And so follows the inevitable question about why I write fantasy instead of hard science fiction. The answer: I write fantasy because I’ve found it to be a delightful way to incorporate many of the other genres I especially love – mystery, adventure, times and places that are not the here and now, spies thrillers, mythology, fairy tales, romantic suspense, and so on. Science fiction can incorporate these as well, but I think science fiction readers have certain expectations with regard to detailed, believable technology playing a large part of the solution of the story’s problems. And when it comes down to it, I’d rather research desert anthropology than Martian geology and medieval beermaking in preference to nanotechnology. I DO use my engineering background every day as I write. Writing any kind of speculative fiction requires starting from a set of premises and developing a story and a world using logic (“if, then, else”) problem-solving, language, and semantics. Which sounds a lot like what I did in my software engineering career.

Do you have any advice for hopeful authors?

> 1. Write because you love it, not because you think it will make a profitable/prestigious/convenient career. Write because you can’t not write.
2. Learn about the publishing business and develop patience.
3. Learn the craft, which means
- Read, read, read. Read outside your chosen genre. Read classics. Read good literature. Read good writing.
- Learn grammar. Learn fiction writing—things like point of view and maid-and-butler dialogue and said-bookisms. Ask yourself what is it about this or that writer's characters that makes them seem real.
- Write. Rewrite. Write more. Put your first work away, write something else while continuing to learn the craft, and then take another look. I’ll bet you dollar to doughnuts you’ll say, “Ewwwww…” Learn to accept critique. Exchange work with critiquers who are readers of many books and writers of your own or above your level.

Do you think it is easier to write fantasy or science fiction?

>Neither is easier than the other. Fiction writers of any genre must address and consciously balance all elements of story – character, plot, setting, dialog, voice, dramatic suspense, and so on – with clarity, while avoiding cliché, infodumps, and all the other pitfalls of writing and storytelling in the particular genre. Both fantasy and science fiction require research in order to create vivid, believable worlds to host the events of the story. Nothing can bump a fantasy reader out of a novel quicker than horses that run like motorcycles, wars that make no historical/anthropological sense, invisible economies, or magic that solves everything. In the same way, nothing can bump a dedicated sf reader out of a story quicker than a planet that behaves just like our earth, despite having three moons, or another use of “reconfiguring the stream of tachyon particles”!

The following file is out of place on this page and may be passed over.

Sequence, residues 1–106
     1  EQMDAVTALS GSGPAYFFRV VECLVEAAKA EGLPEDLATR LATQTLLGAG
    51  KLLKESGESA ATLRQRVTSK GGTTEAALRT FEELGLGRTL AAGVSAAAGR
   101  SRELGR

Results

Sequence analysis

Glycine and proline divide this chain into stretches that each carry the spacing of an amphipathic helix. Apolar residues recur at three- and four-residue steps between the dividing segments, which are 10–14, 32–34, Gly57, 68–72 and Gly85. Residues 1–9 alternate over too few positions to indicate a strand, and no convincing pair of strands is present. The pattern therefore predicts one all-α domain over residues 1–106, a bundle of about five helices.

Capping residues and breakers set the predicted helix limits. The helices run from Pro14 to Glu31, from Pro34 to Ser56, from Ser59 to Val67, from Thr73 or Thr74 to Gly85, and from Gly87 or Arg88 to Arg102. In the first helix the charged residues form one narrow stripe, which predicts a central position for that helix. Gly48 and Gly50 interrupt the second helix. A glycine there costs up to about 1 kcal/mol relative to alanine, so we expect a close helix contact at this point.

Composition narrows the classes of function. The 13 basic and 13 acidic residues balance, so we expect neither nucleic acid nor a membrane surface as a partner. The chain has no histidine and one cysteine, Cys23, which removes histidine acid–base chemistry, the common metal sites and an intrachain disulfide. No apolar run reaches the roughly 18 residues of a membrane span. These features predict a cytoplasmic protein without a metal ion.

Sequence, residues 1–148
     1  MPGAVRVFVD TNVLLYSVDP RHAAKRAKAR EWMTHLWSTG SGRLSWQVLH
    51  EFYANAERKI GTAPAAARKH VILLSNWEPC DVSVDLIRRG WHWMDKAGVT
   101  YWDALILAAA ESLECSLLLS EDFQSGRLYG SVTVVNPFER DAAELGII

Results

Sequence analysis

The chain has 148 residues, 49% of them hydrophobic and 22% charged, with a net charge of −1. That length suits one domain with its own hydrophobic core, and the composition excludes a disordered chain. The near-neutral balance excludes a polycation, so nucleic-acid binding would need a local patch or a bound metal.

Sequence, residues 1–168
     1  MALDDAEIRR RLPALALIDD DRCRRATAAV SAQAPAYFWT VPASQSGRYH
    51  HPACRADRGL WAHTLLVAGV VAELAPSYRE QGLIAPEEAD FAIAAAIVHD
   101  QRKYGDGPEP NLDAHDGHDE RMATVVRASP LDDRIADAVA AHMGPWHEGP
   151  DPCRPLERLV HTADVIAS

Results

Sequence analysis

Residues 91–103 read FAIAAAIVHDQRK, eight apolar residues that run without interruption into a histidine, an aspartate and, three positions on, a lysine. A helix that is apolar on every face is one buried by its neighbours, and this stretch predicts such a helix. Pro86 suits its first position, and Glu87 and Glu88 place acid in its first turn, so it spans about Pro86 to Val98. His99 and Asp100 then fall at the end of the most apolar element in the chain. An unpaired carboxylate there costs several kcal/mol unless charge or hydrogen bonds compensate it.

If you could live in your fantasy/sf world, would you? Would you live in somebody else's?

>Heavens no! My worlds are all in deep trouble one way or another. Well, of course, ours is too, but I really like 21st century medicine, transportation, water, education, books, etc. One world I might like to visit is Roger Zelazny’s Amber – but only if I had the power of Corwin’s family to travel between the shadows of Amber. How cool would it be to shift the colors of the sky with your mind and take yourself to a wholly different place?

In the books you've written, who is you favourite character and why?

>You have to understand that this is akin to asking which of my three children is my favorite! The answer can vary depending on the day. Right now Valen (of Flesh and Spirit and Breath and Bone) is the apple of my eye. Handsome, fun-loving, self-deprecating, he can always find humor in the direst situations. Despite his faults – and he will be the first to confess them - he holds to a firm core of principles that he will uphold even to the risk of his own life. And I so much enjoyed confronting him with the deepest mysteries of his world and seeing his reaction as he realized what they meant for him. This job is SO much fun

Share an interesting fan story.

>I loved hearing from a Navy guy just returned from deployment on a nuclear sub. He reported that during their long months under the Med, he and his shipmates had all read Transformation, Revelation, and Restoration, discussing the stories in between their drills. He said he had to hide his copy of Revelation under his bunk so people wouldn't steal it before he was through. He said that the stories had made their deployment tolerable. That was very cool to hear!